Irregular Breathing in Newborns
You love looking at her when she sleeps…. Trying to remember all those little details that are changing so quickly. She is so peaceful, with her eyes covered in those long lashes people would pay to have. You are looking at her face, her sweet little face, her adorable baby cheeks and her kissy lips. She also has, what seems to be, the beginning of a double chin. Her arms are long and she has such delicate tiny fingers. And she is not breathing!! Wait, what?! No.. she just took a breath! But now she's not breathing! 1-Mississippi, 2- Mississippi, 3 Mississippi long pause and then a big deep breath?! What does that mean!! Is she sick? I better wake her up! But she seems fine, she is all pink and not at all blue or pale?! She is breathing quickly now, 1-2-3-4-5 breaths then she stops again. Big pause and then back again! What is going on!?!?
What is going on is that your baby is being a baby. It is absolutely normal for a newborn baby to breathe irregularly. As a new parent, you may wonder why babies' breathing patterns are so different than your own regular and steady breathing. Their breathing will alternate between slow and fast and be punctuated by pauses, from birth until about 1 year of age. This should not cause any concern. The variability of the breathing will decrease progressively in time as your newborn’s metabolism will regulate itself.
If the changing breathing is associated with some type of noise or changes drastically, it may be a sign of respiratory distress. Here are some things to look out for:
Could be explained by a small blockage in a nostril. Babies breathe through their nose and not through their mouth, so if something is stuck in their nose or secretions accumulates there, it will create a whistling type of noise. It could also be a little bit of milk that came up during a burp and dried there. So just keep an eye on that.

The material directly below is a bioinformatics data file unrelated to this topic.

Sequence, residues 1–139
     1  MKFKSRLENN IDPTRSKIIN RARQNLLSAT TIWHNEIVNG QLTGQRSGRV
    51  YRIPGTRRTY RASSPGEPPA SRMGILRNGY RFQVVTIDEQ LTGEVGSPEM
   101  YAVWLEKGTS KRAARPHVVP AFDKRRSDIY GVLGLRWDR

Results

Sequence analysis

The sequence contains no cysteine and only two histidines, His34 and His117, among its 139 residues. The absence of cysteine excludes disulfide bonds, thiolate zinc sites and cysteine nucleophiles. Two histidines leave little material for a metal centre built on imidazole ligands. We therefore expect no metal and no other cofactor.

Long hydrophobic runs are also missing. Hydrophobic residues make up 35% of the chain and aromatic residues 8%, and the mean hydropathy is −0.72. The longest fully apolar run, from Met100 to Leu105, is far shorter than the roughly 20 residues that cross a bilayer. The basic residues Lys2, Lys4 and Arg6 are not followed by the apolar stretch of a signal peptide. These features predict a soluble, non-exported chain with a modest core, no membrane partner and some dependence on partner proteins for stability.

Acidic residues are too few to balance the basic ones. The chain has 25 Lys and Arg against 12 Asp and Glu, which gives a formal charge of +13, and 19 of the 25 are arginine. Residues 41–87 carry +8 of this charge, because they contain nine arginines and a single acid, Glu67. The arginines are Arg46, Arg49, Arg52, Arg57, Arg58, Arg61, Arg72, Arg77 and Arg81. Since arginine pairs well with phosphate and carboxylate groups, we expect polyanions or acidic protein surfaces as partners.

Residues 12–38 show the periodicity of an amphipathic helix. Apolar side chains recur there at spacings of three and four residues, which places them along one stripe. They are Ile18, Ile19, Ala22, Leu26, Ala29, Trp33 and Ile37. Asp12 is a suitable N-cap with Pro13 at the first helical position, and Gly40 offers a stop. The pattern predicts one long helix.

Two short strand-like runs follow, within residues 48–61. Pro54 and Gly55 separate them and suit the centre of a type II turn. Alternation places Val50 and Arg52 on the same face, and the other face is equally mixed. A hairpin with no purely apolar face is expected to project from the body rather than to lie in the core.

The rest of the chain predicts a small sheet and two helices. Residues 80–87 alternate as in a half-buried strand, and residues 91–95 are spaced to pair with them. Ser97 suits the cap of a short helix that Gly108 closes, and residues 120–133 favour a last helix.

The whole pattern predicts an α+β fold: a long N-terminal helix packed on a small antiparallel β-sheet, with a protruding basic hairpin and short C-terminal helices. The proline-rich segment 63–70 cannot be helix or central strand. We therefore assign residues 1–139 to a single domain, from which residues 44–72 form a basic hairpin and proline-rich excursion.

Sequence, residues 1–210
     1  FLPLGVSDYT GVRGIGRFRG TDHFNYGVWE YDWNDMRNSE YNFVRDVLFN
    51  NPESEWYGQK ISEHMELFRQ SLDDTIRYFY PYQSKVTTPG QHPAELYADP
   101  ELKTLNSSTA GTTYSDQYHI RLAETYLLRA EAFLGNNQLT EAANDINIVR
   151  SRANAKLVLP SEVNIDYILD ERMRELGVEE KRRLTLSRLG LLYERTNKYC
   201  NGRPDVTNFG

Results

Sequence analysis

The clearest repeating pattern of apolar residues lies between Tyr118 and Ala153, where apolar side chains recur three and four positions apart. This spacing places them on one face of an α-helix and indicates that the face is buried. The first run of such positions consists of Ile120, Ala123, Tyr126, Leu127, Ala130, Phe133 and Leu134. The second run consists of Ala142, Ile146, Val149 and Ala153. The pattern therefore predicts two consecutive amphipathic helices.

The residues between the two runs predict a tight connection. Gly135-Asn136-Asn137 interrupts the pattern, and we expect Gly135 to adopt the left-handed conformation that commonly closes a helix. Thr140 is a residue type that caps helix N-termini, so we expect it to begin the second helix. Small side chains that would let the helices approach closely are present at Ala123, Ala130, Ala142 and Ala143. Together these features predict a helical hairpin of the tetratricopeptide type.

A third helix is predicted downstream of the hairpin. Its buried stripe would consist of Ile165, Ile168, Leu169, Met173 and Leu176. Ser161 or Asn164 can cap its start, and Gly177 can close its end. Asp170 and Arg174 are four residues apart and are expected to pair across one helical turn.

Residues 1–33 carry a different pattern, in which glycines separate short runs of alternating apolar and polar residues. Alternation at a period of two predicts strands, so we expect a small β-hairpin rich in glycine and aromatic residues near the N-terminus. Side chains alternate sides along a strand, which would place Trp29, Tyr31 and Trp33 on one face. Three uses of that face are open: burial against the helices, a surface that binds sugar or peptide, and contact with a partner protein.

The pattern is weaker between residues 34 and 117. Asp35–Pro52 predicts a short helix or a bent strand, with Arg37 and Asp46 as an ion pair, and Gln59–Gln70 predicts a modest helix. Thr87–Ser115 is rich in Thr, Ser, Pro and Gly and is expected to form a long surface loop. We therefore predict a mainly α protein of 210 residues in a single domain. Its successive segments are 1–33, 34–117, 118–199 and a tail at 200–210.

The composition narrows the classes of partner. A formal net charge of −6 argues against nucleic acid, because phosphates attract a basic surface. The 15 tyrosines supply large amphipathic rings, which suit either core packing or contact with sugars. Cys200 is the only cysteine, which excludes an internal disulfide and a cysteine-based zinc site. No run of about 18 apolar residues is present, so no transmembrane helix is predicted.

Faster breathing than usual: If an infection is building up in the lungs and mucus is accumulating in that area, breathing will tend to be quicker and heavier. It is a sign of respiratory fatigue that could lead to much worst symptoms. It could be accompanied by retractions (you will see skin being pulled between the ribs or nostrils flaring) Please go to the emergency if that occurs.
Pausing in breathing that lasts longer than 10 seconds should be considered possibly harmful as it is a sign of extreme fatigue. Consult your emergency department.
Husky cry or hoarse throat:
If you baby coughs in a weird hoarse sound it may be a sign of infection of blockage in the windpipe (larynx). You may consult your pediatrician if that appears.
Stridor or high-pitched sound when the baby inhales:
This squeaky sound can be heard lightly in the first couple of month as the babies windpipes are stabilizing. However, this should be associated with any type of coughing or choking events when feeding. If it does, please consult your pediatrician.
If any of those symptoms appear in a mild form, keep a close eye on your baby and be on the alert for these other signs:
- Decreased number of breastfeeding sessions
- Decreased appetite
- Difficulty sleeping or sleeping much more than usual or being difficult to wake up
- Any signs of fever (38.0 Rectal)
If any of those signs appear on top of any other changes in breathing, consult a pediatrician or your emergency department.
On a lighter note, babies may also have more hiccups and sneezing than an adult or older child. This is completely normal and will go away in time.
Just know that swallowing air during feed added to the immaturity of the diaphragm (muscle at the bottom of the lungs) will cause babies to have more hiccups. The best way to make it go away is by offering the breast or the bottle. It could also be a sign of reflux. This symptom will go away as the baby grows older.
It is so darn cute to see a baby sneeze. They sneeze with their entire body! Like I explained earlier, babies breathe through their noses. The little hairs that filters air particles are immature and the nasal passage are very tiny which causes your baby to sneeze more as a way to protect his lungs and clear the passage for air to come in.